The High Court had ruled in favour of the faction led by Reverend Amon Madawo prompting the rival faction led by Reverend Cossam Chiangwa to appeal to the higher court.
The Supreme Court dismissed the appeal and ordered the appellant to pay the cost of the suit. Pindula News presents below part of the ruling:
IT IS ORDERED THAT:
1. The application for a declaratory order be and is hereby granted.
2. The to 46 applicants be and arc hereby declared to be the duly and properly elected officials of the fifth applicant.
3. The respondents are hereby barred from using the name of the fifth applicant in the conduct of their activities without the authorisation of the applicants.
4. The respondents are hereby barred from accessing or using any assets or property of any kind belonging to the fifth applicant.
5. The respondents and their followers or agents or assignees be and are hereby directed to relinquish to the fifth applicant all and any property belonging to the fifth applicant (AFM) is in possession or under control of the respondents.
6. Failure of 5 above, the Sheriff of Zimbabwe or his lawful deputy be and is hereby authorised to take all and any property and assets belonging to the applicant from the control and possession of the respondents and handover same to applicants.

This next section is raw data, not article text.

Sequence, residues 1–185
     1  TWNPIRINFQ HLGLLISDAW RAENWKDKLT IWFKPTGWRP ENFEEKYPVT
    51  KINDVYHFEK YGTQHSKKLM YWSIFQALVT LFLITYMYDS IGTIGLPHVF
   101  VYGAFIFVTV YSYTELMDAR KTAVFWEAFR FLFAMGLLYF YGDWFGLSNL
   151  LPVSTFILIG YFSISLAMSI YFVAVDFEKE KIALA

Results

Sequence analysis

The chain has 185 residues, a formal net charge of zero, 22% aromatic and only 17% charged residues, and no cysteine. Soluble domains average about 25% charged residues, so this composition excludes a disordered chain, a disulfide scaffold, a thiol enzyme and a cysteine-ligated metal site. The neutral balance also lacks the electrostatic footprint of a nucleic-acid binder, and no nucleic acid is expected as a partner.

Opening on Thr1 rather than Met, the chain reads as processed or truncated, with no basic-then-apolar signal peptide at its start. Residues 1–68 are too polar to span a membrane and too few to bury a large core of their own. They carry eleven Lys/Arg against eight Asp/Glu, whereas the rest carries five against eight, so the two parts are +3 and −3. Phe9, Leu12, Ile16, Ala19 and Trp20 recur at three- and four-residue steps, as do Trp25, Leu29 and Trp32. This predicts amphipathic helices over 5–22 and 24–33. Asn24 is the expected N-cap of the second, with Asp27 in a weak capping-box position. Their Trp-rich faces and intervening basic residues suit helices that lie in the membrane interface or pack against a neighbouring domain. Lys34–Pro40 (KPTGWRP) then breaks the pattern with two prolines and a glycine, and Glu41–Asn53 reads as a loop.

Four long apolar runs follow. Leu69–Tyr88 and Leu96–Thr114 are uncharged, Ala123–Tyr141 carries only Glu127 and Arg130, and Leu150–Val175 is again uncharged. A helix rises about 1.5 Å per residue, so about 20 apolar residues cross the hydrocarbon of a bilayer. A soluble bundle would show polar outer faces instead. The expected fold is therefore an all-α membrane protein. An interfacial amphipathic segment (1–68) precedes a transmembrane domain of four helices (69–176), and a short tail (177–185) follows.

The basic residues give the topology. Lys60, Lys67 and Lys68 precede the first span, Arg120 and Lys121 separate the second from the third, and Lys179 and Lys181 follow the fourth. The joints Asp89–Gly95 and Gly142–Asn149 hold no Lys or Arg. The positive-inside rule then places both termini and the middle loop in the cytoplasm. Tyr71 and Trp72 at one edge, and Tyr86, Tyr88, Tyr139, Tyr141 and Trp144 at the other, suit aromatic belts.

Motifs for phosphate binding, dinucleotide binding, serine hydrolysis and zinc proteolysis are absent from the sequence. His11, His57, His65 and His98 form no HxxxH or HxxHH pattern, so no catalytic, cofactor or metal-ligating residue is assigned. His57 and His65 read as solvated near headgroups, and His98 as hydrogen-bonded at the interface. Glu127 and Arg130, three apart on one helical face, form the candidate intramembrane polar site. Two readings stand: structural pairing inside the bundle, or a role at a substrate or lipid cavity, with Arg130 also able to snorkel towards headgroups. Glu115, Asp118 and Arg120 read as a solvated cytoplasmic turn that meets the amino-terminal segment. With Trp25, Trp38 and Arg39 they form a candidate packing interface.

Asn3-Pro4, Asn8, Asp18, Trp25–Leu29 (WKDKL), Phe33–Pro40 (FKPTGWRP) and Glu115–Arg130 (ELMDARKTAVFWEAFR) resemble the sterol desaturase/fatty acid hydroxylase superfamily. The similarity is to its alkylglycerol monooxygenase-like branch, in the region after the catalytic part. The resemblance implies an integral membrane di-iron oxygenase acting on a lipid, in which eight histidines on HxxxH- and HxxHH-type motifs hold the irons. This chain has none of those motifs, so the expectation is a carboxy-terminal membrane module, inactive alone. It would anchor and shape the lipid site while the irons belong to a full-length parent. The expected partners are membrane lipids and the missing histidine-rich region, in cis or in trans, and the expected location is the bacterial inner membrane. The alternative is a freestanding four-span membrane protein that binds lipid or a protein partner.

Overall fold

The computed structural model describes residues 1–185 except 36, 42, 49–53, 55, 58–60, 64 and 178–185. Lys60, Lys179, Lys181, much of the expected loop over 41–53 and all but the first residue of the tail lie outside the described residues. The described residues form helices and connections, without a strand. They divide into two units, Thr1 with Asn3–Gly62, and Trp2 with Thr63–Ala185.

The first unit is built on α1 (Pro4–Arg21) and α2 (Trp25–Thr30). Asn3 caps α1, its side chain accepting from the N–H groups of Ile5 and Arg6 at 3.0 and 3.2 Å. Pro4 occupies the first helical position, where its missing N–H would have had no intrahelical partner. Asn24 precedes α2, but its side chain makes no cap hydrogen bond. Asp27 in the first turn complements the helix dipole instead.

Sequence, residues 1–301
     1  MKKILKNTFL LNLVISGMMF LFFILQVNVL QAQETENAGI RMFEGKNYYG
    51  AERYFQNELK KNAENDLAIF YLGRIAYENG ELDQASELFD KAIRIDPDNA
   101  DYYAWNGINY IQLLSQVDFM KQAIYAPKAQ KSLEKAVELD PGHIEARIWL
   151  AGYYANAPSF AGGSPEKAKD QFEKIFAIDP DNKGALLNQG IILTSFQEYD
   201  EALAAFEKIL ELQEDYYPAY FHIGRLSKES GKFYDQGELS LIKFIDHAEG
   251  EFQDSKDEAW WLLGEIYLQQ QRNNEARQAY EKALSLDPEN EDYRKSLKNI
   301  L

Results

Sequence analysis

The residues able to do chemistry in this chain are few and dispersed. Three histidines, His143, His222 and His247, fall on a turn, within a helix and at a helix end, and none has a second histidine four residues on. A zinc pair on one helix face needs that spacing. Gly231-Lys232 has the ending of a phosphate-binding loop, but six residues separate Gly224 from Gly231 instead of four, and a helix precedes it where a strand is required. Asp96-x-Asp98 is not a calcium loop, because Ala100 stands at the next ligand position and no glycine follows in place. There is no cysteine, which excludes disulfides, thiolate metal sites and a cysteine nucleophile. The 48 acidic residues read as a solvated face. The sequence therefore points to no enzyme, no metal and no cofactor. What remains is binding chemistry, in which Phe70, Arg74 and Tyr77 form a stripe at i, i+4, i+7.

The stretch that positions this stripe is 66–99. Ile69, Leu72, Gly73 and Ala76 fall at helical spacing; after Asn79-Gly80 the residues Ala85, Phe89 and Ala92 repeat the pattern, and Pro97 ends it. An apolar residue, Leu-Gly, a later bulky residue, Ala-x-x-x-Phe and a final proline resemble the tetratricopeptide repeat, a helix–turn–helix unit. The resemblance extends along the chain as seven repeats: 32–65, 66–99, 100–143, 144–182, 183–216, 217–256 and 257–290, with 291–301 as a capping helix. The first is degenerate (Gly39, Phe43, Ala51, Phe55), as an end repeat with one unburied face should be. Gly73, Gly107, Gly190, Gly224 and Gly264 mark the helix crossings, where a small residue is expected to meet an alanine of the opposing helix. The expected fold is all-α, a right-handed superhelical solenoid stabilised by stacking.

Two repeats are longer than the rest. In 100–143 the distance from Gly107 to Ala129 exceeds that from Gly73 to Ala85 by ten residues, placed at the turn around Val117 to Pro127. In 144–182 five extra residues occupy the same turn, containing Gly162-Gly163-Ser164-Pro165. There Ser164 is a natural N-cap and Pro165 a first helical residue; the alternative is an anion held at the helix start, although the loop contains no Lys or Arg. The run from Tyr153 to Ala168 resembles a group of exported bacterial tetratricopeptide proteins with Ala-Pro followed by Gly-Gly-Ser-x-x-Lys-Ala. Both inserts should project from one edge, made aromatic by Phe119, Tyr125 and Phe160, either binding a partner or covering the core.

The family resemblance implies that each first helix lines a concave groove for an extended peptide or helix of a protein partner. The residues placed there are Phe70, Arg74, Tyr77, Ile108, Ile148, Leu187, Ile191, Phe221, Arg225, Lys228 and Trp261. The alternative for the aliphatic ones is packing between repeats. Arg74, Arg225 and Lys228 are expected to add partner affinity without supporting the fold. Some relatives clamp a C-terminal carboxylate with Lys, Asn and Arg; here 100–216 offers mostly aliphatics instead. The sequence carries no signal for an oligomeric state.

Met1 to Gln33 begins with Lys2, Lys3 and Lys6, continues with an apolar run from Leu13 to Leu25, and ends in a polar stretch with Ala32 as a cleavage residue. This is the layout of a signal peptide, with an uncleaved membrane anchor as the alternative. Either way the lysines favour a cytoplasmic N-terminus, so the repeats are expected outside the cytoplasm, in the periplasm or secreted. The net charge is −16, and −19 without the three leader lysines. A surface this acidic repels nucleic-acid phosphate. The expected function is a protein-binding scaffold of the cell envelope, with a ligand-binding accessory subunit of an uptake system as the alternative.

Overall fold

7. The respondents shall pay applicant’s costs of suits. (My underlining for emphasis).
I agree with Mr Magwaliba that the appellants did seek a declarator conjoined with prohibitory interdicts in para 3 to 4 and vindication in para 5 and 6. The finding of the court aquo, though obiter, was therefore incorrect. It, however, did not constitute the rationale on which it based its judgment.
The ratio decidendi was that the appellants did not have the requisite locus uli to institute HC 179/19 because they were not office-bearers of the Church. This how the court a quo expressed itself on the question of locus standi at p. 22 of the judgment:
“The question which begs the answer is did Chiangwa act in terms of the constitution and its regulations when he convened the meetings of 22 September 2018? The answer to the same is in the negative.
The second question which flows from the first and its answer is was the meeting of 22 September 2018 which was called in violation of the constitution valid? The answer is in the negative.
The third and final question is does any act which resulted from the invalid meeting carry any semblance of validity. The answer is, once again, in the negative.
On the strength of the above mentioned three questions and their respective answers, therefore, it cannot be said that Chiangwa has any locus standi to apply as he did under HC 179/19. His conduct which emanated from the meeting of 22 September 2018 is a complete nullity.
All the activities which he undertook on the basis of that meeting were a nullity” Madziyire, and not Chiangwa, has locus standi to sue as he did. He has substantial interest in the affairs of the Church. Chiangwa does not have such.”
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More: Pindula News